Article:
Thursday’s Fictions, Richard James Allen’s 7th book of poetry, published by Five Islands Press, was launched at the 1999 Australian Poetry Festival and was shortlisted for the 2000 NSW Premier’s Literary Awards for Poetry, the Kenneth Slessor Prize. (Read at Australian Poetry Library)


"In
Thursday’s Fictions Allen is both playful and satirical, defiant and seductive, as he experiments with the possibilities of poetry as performance, utterance and text. The book combines highly contemporary inflexions of language with ancient and classical modes of writing, creating an extended dialogue of self and soul."
The Judges for Poetry, NSW Premier's Literary Awards

Thursday’s Fictions is an adult fairy tale, a fantastical parable of spirituality and excess, dealing with themes of crime and art, death and reincarnation. Thursday’s Fictions is a spiritual thriller which resonates with some recent tendencies in contemporary Australian poetry - a resurgence of the narrative poem, a relationship to performance and continued commitment to the book form whilst experimenting with different literary approaches within its covers.  It is a poem for the stage of the mind that finds its physical presence as words choreographed across the pages of a book.  Thursday’s Fictions tells the story of the conflict between talent and ambition in a writer who craves immortality and learns to accept death.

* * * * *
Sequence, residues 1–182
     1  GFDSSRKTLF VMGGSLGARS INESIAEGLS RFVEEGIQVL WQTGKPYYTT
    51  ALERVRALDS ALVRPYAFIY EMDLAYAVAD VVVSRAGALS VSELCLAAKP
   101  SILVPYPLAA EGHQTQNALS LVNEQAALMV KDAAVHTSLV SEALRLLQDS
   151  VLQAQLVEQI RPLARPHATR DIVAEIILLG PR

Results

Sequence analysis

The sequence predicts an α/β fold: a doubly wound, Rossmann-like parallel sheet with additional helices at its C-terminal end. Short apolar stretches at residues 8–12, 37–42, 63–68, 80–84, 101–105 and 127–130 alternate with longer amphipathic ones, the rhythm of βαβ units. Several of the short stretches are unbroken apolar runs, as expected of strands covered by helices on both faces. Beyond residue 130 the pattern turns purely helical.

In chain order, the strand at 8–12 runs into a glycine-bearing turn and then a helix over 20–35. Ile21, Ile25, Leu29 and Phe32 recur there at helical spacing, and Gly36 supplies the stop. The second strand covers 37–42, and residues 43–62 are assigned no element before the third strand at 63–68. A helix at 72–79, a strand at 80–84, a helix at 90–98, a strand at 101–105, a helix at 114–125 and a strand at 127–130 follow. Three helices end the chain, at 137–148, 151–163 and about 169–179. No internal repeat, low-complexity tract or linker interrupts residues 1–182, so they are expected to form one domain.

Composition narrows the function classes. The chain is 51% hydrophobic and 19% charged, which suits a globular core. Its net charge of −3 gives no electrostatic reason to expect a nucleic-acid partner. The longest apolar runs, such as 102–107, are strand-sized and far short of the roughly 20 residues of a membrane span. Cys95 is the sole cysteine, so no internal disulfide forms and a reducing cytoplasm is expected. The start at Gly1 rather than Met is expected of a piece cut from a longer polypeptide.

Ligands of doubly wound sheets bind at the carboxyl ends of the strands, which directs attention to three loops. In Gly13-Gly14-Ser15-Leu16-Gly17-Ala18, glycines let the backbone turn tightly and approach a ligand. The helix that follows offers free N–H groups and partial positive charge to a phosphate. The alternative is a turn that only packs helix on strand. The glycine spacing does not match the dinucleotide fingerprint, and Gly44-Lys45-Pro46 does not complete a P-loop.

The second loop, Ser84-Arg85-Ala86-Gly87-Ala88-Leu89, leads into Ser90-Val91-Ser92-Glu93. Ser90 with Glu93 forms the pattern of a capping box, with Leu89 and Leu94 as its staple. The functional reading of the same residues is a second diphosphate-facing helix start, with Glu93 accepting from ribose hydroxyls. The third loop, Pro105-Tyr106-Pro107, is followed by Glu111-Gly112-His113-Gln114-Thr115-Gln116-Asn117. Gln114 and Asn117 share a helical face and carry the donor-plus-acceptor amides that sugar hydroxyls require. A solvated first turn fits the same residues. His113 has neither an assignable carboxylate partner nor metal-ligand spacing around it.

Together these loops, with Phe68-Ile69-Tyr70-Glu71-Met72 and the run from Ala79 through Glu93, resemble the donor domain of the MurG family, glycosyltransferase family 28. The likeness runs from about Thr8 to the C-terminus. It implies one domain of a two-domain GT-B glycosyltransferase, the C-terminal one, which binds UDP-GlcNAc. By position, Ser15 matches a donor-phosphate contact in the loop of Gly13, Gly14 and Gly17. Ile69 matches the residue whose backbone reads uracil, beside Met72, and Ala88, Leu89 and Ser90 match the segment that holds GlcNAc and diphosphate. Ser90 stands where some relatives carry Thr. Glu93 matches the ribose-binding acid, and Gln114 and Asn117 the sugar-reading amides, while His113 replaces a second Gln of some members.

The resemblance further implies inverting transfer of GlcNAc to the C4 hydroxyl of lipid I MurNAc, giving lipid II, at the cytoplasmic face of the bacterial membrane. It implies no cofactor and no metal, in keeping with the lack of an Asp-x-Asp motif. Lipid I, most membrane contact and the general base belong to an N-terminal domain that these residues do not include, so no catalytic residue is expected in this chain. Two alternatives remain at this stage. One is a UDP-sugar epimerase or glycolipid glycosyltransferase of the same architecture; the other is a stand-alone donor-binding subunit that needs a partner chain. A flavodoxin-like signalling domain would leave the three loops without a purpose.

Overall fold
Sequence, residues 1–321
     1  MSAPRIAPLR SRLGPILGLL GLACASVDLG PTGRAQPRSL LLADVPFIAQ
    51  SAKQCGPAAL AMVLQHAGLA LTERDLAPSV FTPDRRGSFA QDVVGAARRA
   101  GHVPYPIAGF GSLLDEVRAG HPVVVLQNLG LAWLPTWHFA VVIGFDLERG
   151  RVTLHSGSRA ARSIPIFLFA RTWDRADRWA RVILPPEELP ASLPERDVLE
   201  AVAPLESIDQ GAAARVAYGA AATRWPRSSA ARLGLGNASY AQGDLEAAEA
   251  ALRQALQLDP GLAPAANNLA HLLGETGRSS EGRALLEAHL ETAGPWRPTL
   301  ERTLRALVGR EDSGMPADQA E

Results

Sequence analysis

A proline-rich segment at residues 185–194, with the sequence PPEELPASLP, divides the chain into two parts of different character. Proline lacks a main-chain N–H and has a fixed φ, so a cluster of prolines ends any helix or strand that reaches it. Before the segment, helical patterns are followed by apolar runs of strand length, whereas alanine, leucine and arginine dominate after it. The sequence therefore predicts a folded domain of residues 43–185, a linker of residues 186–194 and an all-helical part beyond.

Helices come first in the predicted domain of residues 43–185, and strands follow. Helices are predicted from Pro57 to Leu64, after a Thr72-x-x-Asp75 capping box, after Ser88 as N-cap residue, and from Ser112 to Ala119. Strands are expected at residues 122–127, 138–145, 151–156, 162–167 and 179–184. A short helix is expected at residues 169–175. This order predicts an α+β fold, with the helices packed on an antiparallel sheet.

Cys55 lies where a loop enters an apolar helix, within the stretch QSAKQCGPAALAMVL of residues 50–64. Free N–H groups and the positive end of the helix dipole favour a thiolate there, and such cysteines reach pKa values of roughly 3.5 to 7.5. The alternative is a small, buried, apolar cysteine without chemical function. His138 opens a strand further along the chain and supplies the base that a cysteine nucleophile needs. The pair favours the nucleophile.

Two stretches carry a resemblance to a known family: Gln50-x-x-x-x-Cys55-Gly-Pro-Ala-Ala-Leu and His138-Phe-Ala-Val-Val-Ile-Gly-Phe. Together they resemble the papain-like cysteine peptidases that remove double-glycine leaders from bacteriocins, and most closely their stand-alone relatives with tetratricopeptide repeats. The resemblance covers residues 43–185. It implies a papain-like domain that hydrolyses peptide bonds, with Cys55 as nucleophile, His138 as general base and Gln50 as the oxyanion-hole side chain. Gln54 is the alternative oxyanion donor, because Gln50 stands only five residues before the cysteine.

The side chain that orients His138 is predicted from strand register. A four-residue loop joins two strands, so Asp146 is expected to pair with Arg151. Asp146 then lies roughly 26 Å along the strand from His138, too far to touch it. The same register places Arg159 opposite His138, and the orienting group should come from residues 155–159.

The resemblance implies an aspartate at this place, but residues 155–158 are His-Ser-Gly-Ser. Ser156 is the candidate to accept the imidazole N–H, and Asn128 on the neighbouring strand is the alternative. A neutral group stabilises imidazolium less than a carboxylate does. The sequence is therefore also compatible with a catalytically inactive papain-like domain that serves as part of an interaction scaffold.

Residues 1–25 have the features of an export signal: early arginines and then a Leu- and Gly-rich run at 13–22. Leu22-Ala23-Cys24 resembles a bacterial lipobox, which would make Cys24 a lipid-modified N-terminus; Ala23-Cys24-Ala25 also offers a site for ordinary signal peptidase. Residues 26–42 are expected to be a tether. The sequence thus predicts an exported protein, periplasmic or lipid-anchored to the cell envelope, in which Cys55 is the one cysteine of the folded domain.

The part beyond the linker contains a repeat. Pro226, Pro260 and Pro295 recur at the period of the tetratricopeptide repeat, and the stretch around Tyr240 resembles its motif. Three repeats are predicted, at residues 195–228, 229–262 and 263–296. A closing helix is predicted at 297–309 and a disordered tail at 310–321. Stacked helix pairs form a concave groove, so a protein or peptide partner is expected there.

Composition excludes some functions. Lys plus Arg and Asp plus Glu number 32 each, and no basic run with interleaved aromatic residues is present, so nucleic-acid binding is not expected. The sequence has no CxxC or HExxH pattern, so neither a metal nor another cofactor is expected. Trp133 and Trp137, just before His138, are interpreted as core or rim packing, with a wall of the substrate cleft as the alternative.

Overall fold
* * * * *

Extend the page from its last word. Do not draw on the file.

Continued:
[Thursday’s Fictions’] big moral/metaphysical ‘week’ is a true achievement...what I admire is the stamina, the clarity of soul, the willingness to ask hard questions.  This is the kind of poetry Alec Hope was (or should have been) looking for when he lamented the decline of the ‘discursive mode’.  It’s utterly different, I’m glad to say, from all those little OZ poems about a sensitive bloke walking out one morning and seeing the light shimmer on farmyard dams.”           
Chris Wallace-Crabbe
 
“What is most immediately remarkable about the book is its stylistic range: Allen employs a variety of formal models, including stream-of-consciousness soliloquoy, dramatic dialogue, as well as free verse and prose-poetry, with equal assurance and sophistication.”
 John Hawke, University of Wollongong


“A poetic, dramatic and novelistic tour de force.”
                                                                                  Bruce Beaver